April 17th, 2012 by admin
I’ll never forget my first Flash video. It was terrible.
I cannot remember all of the details, but there were definitely some stick figures, talk bubbles containing Comic Sans, and a few amateurly-made cartoon dogs. And of course, a Flash video is never complete without obnoxious, jarring sound effects and a haunting digital melody.
I’m sure you are familiar with Flash … it’s that annoying thing that on your computer that needs updated every 5 minutes. It also never works on any of your Apple mobile devices, so you cannot view Flash-powered videos or unnecessarily complicated websites like www.jimcarrey.com.
I actually kind of like Jim Carrey’s website, but that’s beside the point.
Flash is steadily phasing out of the web development world. As impressive as it can be when it’s done well, there are too many downsides to creating a website in Flash. Most of which only concern us nerdy developers, but I’m going to name them all anyway.
Search engines no like-y the Flash. Search engines have these little minions called “spiders” that crawl all over the world wide web to find the best websites based on a search query. Now, I’m going to ask you a question that has become somewhat of a cliché in the word of search engine optimization: If a tree falls in a forest and no one is around to hear it, does it make a sound? … No, no. Don’t say yes. No, I don’t care about the impact of solid matter and sound wave speed. Geez is your name Sheldon?
The point is, if nobody is around to hear it, it might as well not make a sound. Because nobody cares!
That is kind of how it is if a website cannot be found in the search engines. It’s a site that people cannot see because they cannot find it, so what’s the point? Flash cannot be crawled by search engine spiders. However, certain Flash websites can eventually be found if they are very popular and a whole lot of people are linking to them. Take for instance our favorite – www.jimcarrey.com. It’s a Flash site, but it can still be found because… well… he was Ace Ventura. Come on.
Flash sites are slow, and we don’t got all day. Not all of us have access to extravagant, lightning-speed, pie-in-the-sky internet like you do. Most of us have to wait 10 seconds or more for the average Flash site to open. I know, that doesn’t sound like much… but if you are a frequent web user you know how long even one second can be! Add the seconds wasted navigating through the areas of the site, and you’ve got about an hour cleared out of your day looking for someone’s contact information.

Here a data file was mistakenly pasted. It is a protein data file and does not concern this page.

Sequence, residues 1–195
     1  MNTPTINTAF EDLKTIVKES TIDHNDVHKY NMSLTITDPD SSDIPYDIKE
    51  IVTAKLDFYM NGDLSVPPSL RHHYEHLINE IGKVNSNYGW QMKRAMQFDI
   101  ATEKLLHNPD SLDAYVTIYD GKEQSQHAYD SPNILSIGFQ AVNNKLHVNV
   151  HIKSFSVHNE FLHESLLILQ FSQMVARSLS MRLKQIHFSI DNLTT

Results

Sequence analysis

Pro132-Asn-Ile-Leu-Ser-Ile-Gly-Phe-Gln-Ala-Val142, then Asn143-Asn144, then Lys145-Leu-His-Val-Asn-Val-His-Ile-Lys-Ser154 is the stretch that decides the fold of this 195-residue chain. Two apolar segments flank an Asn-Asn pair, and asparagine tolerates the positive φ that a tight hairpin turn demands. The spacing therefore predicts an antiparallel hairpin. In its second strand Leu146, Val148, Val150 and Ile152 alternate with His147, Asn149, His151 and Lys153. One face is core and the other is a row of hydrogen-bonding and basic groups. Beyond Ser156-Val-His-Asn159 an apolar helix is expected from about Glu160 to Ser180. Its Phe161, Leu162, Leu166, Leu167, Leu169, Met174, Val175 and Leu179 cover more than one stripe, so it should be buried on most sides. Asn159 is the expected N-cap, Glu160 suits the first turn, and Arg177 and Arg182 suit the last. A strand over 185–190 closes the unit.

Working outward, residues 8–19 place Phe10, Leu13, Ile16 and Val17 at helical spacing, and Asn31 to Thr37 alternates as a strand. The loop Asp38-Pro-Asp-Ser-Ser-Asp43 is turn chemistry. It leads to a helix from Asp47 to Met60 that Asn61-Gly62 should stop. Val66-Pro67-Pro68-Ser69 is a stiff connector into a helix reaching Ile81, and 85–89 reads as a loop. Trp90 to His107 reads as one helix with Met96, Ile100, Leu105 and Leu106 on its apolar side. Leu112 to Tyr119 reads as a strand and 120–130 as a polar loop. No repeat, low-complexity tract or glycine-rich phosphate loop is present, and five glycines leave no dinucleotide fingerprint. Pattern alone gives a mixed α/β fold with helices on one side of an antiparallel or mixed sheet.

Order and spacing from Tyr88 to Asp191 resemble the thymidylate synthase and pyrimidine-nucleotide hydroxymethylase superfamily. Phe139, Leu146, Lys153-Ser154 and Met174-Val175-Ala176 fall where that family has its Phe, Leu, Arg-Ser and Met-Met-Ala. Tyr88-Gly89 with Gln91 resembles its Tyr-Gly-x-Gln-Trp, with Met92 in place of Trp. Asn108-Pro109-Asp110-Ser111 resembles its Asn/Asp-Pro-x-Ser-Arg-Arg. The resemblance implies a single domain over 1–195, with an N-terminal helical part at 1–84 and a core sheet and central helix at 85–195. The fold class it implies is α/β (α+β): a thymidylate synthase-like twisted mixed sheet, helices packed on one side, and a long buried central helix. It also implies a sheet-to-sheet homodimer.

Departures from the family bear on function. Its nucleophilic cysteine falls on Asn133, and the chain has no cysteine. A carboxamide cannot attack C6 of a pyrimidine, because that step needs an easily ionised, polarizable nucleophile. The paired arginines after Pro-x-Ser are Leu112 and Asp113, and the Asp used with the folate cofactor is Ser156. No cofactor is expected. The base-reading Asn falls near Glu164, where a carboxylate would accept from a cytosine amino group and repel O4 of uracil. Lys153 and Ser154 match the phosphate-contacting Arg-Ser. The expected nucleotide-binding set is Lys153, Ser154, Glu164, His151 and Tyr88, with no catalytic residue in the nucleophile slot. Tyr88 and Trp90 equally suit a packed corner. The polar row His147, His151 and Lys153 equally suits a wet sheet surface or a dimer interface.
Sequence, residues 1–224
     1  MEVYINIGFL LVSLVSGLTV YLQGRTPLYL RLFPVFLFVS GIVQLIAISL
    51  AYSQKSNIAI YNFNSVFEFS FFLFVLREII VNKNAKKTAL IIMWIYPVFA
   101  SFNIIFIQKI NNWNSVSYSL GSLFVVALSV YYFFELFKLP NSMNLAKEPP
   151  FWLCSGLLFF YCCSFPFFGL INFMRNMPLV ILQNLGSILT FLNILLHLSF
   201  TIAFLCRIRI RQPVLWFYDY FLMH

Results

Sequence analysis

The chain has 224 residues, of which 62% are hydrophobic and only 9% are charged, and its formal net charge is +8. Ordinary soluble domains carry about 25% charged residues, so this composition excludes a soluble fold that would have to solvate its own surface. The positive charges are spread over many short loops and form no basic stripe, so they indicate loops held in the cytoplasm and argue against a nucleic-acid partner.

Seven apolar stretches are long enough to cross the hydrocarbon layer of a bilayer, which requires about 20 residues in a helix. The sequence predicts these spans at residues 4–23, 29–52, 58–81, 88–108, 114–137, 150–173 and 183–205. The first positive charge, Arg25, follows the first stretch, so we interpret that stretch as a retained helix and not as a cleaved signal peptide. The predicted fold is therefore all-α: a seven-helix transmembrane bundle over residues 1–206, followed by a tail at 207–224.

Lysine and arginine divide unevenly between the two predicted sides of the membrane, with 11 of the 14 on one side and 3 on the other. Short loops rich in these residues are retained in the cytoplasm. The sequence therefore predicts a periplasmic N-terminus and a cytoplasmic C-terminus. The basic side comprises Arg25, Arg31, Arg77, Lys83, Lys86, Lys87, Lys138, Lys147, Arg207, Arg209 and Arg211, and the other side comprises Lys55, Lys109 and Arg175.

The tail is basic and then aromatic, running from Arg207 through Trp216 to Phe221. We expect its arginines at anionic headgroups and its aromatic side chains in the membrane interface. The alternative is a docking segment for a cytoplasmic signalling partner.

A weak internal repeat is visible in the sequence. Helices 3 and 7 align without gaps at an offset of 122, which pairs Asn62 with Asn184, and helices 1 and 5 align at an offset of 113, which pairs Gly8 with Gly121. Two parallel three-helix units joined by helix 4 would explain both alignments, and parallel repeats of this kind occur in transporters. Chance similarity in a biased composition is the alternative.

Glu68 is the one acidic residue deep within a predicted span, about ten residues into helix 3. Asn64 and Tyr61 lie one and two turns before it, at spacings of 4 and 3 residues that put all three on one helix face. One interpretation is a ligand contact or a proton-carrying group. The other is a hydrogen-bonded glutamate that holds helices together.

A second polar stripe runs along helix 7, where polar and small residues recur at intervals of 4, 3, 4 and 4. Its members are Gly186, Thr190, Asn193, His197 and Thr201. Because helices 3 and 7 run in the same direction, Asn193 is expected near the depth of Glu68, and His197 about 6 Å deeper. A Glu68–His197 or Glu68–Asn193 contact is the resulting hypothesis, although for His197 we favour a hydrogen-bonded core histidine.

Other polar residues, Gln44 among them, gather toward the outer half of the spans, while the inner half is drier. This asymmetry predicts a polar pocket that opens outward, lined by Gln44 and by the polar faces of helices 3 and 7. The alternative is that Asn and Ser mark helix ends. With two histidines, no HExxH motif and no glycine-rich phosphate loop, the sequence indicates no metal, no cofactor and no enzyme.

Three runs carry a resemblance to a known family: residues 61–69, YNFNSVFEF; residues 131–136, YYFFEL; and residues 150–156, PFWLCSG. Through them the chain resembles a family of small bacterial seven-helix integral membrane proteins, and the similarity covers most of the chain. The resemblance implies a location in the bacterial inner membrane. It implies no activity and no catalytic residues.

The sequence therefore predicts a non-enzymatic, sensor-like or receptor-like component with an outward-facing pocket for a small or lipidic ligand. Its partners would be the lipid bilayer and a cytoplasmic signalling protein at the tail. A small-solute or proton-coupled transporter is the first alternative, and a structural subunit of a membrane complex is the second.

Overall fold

This wasn’t just a stubborn refusal to use Flash. You see, Flash often requires a mouse pointer to move through their sites. This poses a problem for user experience on mobile devices – your finger is not a mouse. Without a mouse pointer, it is pointless (ha-ha) to view most Flash sites on your device. They won’t work. And the solutions developers have come up with aren’t great. Apple would rather disallow Flash all together than frustrate their customers with “buggy” websites.
And hey, look what happened! Flash is phasing out. Steve Jobs is still winning from beyond the grave. That guy is good.
Flash websites take FOREVER to build. Here at Pitt Bull, we can give you a pretty elaborate site between 2 to 6 weeks, depending on how much it entails. Request that your site be made in Flash and people will be growing beards until its done. OK, I may be exaggerating. But it’s no joke that Flash requires a bucket load of time and attention on something that could have been done just as well (or better) in HTML5.
“OK… so… where do I click?” Although Flash sites can be pretty, or even beautiful, navigation is often unconventional and therefore confusing for the user. And sometimes annoying, especially if there are sound effects. How am I suppose to know that clicking on that picture of an octopus will take me to the Prices page? And what does a coffee mug have to do with testimonials? Did that About button just honk like a tug boat? That’s bothersome.
Flash will not necessarily go away forever, per se. Plenty of people use it to play videos and offer other interactive features on their websites. We just think developers will be using it less, for the above reasons and more. Unless something happens that suddenly makes it more appealing than HTML5, my guess is it’s going to continue its decline.
So with great “sadness” I hereby bid my premature farewell to Flash. I don’t know when you will be completely gone, but when that day comes I will be “sorry” to see you go. Jim Carrey, Pitt Bull is available for your re-design.
Goodbye, Flash … *tear*.